There are two primary ways which you can source your summer internship and full-time job: (i) on-campus, with large firms coming to campus for interviews (think investment banks, global companies, consulting), and (ii) off-campus, where you determine the job you want and network your way into it.
The main advantage of the on-campus process is that it is straightforward. Firms post jobs on the Tuck job site, and you attend events held on campus (as well as some off campus, like industry treks) to learn more about the company and determine if it is a good fit for your goals. You then apply for the job and interview if the company finds a good fit. Another advantage of the on-campus search is you can test out a variety of industries and companies by simply attending company briefings and on-campus network events. Although on-campus searches benefit from a clear path and known deadlines, they are still tremendous amounts of work. I am focusing off campus, but I am continuously amazed at the persistence, time and thought my friends and classmates put into their on-campus searches. With such a wide array of high-quality companies recruiting on campus, it is hard to narrow it down.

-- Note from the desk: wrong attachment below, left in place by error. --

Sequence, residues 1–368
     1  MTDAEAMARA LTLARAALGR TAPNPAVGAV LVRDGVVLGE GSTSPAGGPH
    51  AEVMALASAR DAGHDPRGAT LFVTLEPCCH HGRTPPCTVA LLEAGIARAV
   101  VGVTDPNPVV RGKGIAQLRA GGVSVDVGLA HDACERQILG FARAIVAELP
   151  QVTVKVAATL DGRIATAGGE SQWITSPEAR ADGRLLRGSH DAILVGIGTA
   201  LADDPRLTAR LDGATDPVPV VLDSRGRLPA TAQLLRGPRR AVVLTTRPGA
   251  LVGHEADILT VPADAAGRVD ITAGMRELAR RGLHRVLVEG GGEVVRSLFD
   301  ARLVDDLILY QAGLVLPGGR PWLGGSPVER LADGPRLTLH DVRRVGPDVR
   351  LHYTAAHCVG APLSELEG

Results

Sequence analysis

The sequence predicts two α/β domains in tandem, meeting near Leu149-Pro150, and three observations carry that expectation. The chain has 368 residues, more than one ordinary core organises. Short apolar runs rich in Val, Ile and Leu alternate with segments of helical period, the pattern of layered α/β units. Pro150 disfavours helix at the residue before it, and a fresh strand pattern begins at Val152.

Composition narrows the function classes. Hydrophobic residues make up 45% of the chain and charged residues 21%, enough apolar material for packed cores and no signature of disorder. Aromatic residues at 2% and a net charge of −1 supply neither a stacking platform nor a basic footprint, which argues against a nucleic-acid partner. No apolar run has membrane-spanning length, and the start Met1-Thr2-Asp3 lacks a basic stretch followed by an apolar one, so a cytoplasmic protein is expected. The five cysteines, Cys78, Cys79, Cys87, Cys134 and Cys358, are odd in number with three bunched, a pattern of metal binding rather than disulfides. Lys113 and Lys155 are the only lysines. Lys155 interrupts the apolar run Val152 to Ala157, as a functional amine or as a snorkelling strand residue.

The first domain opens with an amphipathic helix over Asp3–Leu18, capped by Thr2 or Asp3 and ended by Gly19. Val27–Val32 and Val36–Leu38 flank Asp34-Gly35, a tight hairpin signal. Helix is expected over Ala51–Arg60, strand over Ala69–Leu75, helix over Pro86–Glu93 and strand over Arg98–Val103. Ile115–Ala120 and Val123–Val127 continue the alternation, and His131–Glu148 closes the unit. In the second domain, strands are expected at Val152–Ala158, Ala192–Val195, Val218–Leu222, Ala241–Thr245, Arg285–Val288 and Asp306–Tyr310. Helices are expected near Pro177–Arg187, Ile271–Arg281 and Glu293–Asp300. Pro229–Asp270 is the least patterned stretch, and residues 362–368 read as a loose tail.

The off-campus search is for those targeting smaller companies that may not recruit heavily at business schools, or which may hire only one intern or full-time hire per year. I am currently working on reaching out to second-year students, alumni, family, friends and former colleagues to try and find an internship that fits my goal of staying in private equity after Tuck. Are there job postings I can look at? Not often. Is there a prescribed set of steps to take? Not really. There are, however, a multitude of helpful alumni and second-year students willing to share their time and advice with me, as well as an extremely dedicated career office with knowledge of best practices and numerous industry contacts to help you in your search. The off-campus process is weighted toward the end of the first year, so it takes a certain level of patience and faith in the system. While I may be envious when many of my classmates have secured a summer internship come February, I am (trying to be!) confident that with persistence I will find--or create--the ideal opportunity to achieve my career goals.
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